4

I have inherited a Sitecore website with a public class named GatedPageResolver that inherits the Sitecore.Pipelines.HttpRequest.HttpRequestProcessor class and adds code to look for a Boolean check box value on a Sitecore template.

The GatedPageResolver is wired into the execution pipeline so that it is called for every HTTP Request.

<configuration xmlns:patch="http://www.sitecore.net/xmlconfig/">
  <sitecore>
    <pipelines>
      <httpRequestBegin>
        <processor type="MyCompany.Framework.Pipelines.HttpRequestBegin.GatedPageResolver, MyCompany.Framework" patch:after="processor[@type='Sitecore.Pipelines.HttpRequest.ItemResolver, Sitecore.Kernel']"/>    
      </httpRequestBegin>
    </pipelines>
  </sitecore>
</configuration>

But, the code does not seem to get called.

I have verified the config file code using the Sitecore Config Builder tool.

Am I missing something?

  • 4
    Enable pipeline profiling, open the pipelines.aspx page, and check if your processor is there. Then clear the result set. Make an HTTP request to your site in another tab, then refresh pipelines.aspx. Check if all processors in the httpRequestBegin pipeline have the same execution counts. If some have fewer executions, you can figure out which processor aborted the pipeline before the execution got to your custom processor. – Dmytro Shevchenko Nov 2 '16 at 6:58
  • Do you have any other custom pipelines? Can you post a sample of your code. – jammykam Nov 2 '16 at 10:28
  • 1
    @DmytroShevchenko The GatedPageResolver pipeline is there and all the httpRequestBegin processors have an execution count of 4. – ADH Nov 2 '16 at 11:35
  • @ADH this means that the processor is executed. Which in turn means that you didn't use a correct way of checking whether it was executed. – Dmytro Shevchenko Nov 2 '16 at 11:36
  • I am running off a restore of my production database. Okay, thanks. – ADH Nov 2 '16 at 11:41
8

The usual path I take when approaching these things is to use pipeline profiling.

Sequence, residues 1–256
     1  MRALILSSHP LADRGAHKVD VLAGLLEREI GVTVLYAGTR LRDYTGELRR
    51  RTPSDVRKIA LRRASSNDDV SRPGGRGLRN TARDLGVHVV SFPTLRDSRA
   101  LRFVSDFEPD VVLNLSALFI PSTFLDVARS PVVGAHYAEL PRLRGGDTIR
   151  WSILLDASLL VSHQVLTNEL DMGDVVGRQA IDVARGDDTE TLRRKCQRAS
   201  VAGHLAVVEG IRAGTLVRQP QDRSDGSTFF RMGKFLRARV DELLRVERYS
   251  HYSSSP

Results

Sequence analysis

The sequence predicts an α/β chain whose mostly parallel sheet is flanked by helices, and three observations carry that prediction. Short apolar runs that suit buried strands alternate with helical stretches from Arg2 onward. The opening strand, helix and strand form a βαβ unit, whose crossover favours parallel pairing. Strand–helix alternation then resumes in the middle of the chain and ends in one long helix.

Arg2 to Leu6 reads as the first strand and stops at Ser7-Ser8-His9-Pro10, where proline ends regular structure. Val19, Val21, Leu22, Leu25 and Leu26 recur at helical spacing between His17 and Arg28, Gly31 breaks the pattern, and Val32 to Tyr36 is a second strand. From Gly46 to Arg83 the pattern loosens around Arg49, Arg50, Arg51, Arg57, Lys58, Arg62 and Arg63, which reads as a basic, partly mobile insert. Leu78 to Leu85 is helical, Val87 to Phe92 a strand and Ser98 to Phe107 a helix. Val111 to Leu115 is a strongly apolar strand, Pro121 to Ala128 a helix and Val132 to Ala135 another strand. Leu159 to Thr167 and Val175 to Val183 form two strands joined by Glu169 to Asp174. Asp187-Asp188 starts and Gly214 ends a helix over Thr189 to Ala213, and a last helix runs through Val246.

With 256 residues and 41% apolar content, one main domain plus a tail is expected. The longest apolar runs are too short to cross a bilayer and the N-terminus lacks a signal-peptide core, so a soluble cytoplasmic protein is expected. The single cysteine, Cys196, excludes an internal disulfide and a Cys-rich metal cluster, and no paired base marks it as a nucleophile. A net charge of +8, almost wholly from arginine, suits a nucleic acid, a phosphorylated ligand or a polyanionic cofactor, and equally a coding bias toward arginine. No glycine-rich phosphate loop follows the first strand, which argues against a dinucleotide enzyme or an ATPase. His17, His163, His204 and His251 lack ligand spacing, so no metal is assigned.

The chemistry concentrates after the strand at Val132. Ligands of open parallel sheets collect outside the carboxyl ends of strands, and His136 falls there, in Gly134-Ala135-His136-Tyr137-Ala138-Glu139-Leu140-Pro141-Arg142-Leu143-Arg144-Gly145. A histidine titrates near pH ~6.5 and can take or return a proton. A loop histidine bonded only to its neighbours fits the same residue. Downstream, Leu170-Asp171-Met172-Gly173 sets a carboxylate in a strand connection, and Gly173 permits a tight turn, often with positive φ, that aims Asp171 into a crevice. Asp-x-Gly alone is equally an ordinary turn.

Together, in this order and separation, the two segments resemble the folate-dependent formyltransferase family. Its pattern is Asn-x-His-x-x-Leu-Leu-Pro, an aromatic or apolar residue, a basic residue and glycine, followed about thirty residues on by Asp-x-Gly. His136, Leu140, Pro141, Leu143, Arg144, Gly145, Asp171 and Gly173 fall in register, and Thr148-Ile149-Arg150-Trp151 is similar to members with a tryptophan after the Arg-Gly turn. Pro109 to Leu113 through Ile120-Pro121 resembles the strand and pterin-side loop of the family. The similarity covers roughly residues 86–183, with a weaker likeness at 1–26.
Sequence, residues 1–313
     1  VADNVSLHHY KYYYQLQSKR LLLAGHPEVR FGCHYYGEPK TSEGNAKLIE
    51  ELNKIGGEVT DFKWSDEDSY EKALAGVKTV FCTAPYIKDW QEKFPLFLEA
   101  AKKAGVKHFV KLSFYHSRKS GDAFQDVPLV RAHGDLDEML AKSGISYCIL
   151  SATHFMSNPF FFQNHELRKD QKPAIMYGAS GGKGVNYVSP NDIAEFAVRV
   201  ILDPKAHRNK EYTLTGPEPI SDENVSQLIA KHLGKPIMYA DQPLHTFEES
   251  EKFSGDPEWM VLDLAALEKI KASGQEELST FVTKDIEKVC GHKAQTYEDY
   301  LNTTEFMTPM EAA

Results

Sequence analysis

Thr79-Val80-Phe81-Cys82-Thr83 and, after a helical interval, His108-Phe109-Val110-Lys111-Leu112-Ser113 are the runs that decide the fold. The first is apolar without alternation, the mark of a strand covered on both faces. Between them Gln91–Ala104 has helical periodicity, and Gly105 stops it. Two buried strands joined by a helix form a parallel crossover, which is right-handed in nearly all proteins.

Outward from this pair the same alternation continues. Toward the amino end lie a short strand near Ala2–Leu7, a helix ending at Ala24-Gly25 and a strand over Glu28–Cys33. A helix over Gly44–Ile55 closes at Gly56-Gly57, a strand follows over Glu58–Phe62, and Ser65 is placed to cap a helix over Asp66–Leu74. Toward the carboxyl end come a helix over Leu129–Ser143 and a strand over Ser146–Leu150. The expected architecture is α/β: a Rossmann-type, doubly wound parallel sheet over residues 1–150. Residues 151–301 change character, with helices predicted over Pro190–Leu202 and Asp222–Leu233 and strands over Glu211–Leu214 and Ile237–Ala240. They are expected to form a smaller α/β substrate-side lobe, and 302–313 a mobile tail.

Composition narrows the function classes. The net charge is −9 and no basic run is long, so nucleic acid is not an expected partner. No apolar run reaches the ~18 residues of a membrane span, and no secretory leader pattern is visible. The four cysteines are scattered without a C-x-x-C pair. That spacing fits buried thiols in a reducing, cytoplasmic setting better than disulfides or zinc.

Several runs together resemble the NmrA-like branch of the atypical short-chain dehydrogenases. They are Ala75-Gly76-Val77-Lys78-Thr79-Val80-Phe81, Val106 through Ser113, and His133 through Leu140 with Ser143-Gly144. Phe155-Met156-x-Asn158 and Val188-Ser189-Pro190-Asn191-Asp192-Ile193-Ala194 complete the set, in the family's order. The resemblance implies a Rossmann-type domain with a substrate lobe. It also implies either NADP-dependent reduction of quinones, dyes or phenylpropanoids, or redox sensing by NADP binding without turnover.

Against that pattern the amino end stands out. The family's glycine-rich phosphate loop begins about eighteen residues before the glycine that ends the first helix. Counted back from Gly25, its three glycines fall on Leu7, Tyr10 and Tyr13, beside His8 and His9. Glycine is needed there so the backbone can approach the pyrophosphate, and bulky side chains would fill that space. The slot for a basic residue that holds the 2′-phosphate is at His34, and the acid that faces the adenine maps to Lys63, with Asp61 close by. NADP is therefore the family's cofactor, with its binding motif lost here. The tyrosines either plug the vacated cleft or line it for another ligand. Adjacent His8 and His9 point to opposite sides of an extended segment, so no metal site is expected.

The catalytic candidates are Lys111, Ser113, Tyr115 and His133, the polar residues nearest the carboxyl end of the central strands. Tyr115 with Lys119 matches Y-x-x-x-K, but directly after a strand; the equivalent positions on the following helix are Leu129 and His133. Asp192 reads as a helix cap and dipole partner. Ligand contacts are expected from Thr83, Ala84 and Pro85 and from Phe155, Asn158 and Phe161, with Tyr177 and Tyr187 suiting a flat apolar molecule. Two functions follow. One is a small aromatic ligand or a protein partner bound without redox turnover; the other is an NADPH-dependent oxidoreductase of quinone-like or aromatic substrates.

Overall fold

1. Open the pipelines.aspx page and check if your processor is there, at all. If it isn't, you'll need to review your .config patch file.
  2. Clear the result set by clicking "Reset".
  3. In another tab, make an HTTP request to a page on your site.
  4. Refresh pipelines.aspx.

The above steps will show you which processors were run for a single page request and how many times.

Check if all processors in the httpRequestBegin pipeline have the same execution counts. If some processors have fewer executions, that means that some processor has aborted the pipeline before the execution got to your custom processor. In this case, you'll probably need to insert your processor further up in the pipeline so that it is executed before the aborting processor.

If all processors were executed the same amount of times (that is greater than zero), that means that your custom processor was executed. Which in turn means that you didn't use a correct way of checking whether it was executed to begin with.

2

If this is your complete config file, try to add this at the beginning:

<?xml version="1.0" encoding="utf-8"?>

Two another things you could verify:

  • Can you see the processor in /sitecore/admin/showconfig.aspx? if not, than your patchfile doesn't get loaded
  • You could put a breakpoint at the first line of your code, maybe there is a bug in it, preventing your code from being executed?
2

Are you using Sitecore.MVC?

Sitecore.MVC.config patches itself in after the ItemResolver as well, and I'm thinking you may end up after the MVC patches. And if so, Sitecore might have decided it's an MVC request and aborted this pipeline.

  <httpRequestBegin>
    <processor type="Sitecore.Mvc.Pipelines.HttpRequest.DisplayFatalErrors, Sitecore.Mvc" patch:after="processor[@type='Sitecore.Pipelines.HttpRequest.IgnoreList, Sitecore.Kernel']" />
    <processor type="Sitecore.Mvc.Pipelines.HttpRequest.TransferRoutedRequest, Sitecore.Mvc" patch:after="processor[@type='Sitecore.Pipelines.HttpRequest.ItemResolver, Sitecore.Kernel']" />
    <processor type="Sitecore.Mvc.Pipelines.HttpRequest.TransferControllerRequest, Sitecore.Mvc" patch:after="processor[@type='Sitecore.Pipelines.HttpRequest.LayoutResolver, Sitecore.Kernel']" />
    <processor type="Sitecore.Mvc.Pipelines.HttpRequest.TransferMvcLayout, Sitecore.Mvc" patch:after="processor[@type='Sitecore.Pipelines.HttpRequest.LayoutResolver, Sitecore.Kernel']" />
  </httpRequestBegin>

This is the processor you need to get in before.

    <processor type="Sitecore.Mvc.Pipelines.HttpRequest.TransferRoutedRequest, Sitecore.Mvc" patch:after="processor[@type='Sitecore.Pipelines.HttpRequest.ItemResolver, Sitecore.Kernel']" />
  • ItemResolver processor is always called, even in MVC, the transfer happens afterwards (when the item may get resolved again) – jammykam Nov 2 '16 at 10:26
  • 2
    Yes. But OP patches "after" the ItemResolver. And MVC does the same, with a TransferRouteRequest call. I was thinking; if MVC config comes last in the patch chain, the TransferRouteRequest executes before OPs patch? – Mark Cassidy Nov 2 '16 at 10:32
  • I see what you're saying. Yes true, I'm so used to putting my configs in a z folder so it always patches after Sitecore ones :D – jammykam Nov 2 '16 at 10:41

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